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From wartime hospital to artwork

A collection of 44 tapestries stitched by more than 600 embroiderers to depict New Zealanders who convalesced at Mt Felix Hospital in Surrey, England, during World War I is now on display at Wairoa Museum.

Made up of 44 tapestries created from 2015-2017, the artworks commemorate the 27,000 Kiwi soldiers who were treated at the hospital from 1915; the doctors and nurses who cared for them and the community who welcomed them.

Designed by Scottish artist Andrew Crummy, the aim of the Mount Felix Tapestry community stitch project artwork is to ensure stories of courage, resilience, romance and friendship, set against a backdrop of the unimaginable horror of war, will never be forgotten.

Mt Felix Hospital was one of three in the UK specifically for injured New Zealand soldiers who had fought mostly in Gallipoli and Northern France. Mahia man Pita Poipoi is depicted in two of the tapestries. Born in 1872 Poipoi was in Gallipoli for two months before he became ill and was eventually shipped out to the UK, and Mt Felix Hospital. He met nurse Winifred Maud Alderton at the hospital and they married soon after in May, 1916. Mr Poipoi died in July, 1952 and is buried at Mahia.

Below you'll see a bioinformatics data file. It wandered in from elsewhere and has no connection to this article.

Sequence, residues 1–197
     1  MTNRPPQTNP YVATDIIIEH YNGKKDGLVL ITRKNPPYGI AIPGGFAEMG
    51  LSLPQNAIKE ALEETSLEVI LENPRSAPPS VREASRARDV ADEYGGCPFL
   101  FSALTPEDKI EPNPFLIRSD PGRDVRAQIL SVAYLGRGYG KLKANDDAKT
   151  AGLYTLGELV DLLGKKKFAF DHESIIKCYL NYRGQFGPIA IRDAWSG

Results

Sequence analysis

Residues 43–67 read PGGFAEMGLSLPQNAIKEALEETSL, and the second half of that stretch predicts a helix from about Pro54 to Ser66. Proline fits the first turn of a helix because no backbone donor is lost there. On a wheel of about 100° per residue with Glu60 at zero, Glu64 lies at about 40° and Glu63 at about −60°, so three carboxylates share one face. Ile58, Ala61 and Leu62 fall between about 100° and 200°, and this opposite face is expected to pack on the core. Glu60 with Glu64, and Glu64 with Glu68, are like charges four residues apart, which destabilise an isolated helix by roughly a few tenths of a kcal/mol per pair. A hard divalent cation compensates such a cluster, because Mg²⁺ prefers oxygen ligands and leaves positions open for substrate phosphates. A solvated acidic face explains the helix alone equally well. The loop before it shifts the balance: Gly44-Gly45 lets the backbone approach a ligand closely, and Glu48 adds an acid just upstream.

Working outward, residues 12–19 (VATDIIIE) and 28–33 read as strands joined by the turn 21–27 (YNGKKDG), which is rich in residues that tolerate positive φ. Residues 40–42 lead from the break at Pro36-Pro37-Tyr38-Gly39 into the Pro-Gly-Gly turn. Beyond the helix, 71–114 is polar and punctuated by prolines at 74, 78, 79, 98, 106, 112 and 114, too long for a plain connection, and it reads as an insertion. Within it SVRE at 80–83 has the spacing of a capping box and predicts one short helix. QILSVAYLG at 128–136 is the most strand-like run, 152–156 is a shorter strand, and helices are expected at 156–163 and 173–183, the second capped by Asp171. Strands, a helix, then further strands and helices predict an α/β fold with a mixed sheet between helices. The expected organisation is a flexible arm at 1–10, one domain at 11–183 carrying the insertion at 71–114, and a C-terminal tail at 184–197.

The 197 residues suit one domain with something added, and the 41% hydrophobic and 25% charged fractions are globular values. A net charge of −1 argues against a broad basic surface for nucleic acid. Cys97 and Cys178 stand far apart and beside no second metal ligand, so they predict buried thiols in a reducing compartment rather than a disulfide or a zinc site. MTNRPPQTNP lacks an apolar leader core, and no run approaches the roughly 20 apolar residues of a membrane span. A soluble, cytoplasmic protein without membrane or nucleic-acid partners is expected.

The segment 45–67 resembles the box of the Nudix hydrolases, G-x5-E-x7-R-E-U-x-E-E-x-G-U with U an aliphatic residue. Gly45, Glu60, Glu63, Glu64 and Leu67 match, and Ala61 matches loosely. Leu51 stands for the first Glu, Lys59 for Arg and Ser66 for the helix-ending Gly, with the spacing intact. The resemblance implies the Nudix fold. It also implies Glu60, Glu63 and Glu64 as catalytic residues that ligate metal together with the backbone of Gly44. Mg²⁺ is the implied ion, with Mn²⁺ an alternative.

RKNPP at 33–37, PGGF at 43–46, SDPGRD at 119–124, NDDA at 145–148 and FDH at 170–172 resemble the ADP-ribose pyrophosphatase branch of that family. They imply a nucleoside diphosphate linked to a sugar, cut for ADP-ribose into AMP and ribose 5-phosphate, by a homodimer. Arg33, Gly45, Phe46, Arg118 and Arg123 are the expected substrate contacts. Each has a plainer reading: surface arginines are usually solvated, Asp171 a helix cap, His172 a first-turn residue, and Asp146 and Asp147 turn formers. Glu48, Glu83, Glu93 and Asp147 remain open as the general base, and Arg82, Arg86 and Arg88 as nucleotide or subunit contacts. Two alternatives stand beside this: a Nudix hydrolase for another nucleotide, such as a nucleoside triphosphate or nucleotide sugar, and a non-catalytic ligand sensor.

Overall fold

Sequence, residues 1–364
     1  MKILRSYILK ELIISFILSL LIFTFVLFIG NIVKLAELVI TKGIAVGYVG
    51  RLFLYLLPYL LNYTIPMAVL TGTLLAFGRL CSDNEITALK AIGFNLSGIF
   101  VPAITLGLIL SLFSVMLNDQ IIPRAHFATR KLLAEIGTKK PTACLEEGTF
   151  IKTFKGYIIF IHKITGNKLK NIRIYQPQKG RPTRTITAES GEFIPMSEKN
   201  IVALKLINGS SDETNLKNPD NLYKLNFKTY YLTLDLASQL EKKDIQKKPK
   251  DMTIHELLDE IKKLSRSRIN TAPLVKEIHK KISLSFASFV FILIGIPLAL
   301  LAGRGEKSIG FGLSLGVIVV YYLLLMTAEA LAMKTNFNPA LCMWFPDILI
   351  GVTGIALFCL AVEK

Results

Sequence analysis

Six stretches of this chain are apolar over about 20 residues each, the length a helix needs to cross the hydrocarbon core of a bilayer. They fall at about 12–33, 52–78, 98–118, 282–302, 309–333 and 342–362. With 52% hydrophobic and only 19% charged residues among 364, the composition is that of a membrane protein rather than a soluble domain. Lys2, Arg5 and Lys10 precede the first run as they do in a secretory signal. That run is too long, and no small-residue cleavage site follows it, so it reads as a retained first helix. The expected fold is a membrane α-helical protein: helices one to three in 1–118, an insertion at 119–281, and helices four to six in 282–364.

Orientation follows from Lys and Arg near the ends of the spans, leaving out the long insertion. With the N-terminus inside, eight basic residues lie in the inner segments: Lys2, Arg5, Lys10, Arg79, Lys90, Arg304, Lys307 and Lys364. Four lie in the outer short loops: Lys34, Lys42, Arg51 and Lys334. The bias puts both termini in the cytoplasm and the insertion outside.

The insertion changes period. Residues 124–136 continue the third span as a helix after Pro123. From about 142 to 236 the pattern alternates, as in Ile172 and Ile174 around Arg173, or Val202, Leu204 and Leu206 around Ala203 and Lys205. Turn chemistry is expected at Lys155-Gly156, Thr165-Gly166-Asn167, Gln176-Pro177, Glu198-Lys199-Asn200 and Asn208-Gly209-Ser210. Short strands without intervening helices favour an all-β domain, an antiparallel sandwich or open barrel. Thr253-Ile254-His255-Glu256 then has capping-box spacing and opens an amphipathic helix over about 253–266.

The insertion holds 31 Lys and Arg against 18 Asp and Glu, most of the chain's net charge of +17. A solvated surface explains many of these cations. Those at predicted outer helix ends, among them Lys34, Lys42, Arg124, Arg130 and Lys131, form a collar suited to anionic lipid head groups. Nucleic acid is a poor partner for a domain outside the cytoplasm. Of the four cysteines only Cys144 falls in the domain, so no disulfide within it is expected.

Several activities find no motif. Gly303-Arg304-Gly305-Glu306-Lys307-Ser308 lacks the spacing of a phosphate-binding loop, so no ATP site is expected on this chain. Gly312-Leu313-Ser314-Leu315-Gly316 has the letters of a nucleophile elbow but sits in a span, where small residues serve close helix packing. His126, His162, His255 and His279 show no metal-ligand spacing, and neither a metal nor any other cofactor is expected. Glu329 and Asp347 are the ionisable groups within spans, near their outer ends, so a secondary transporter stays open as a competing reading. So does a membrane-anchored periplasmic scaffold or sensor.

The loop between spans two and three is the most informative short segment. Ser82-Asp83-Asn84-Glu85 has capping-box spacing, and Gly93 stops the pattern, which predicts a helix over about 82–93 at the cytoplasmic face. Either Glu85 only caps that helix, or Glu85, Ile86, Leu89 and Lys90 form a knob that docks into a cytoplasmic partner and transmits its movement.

The Wairoa Embroiderers’ Guild has invited embroiderers across Hawke’s Bay and Poverty Bay to come to view the exhibition.

Local embroiderer Jill Grooby said they will have a piece at the museum for the embroiderers to add their stitches to if they wish.

NEEDLE AND THREAD: A tapestry that possibly depicts a Mahia man who served in World War 1, and his bride, is one of 44 tapestries on display at Wairoa Museum. The tapestries depict wounded New Zealand soldiers in recovery at Mt Felix Hospital, England. Picture supplied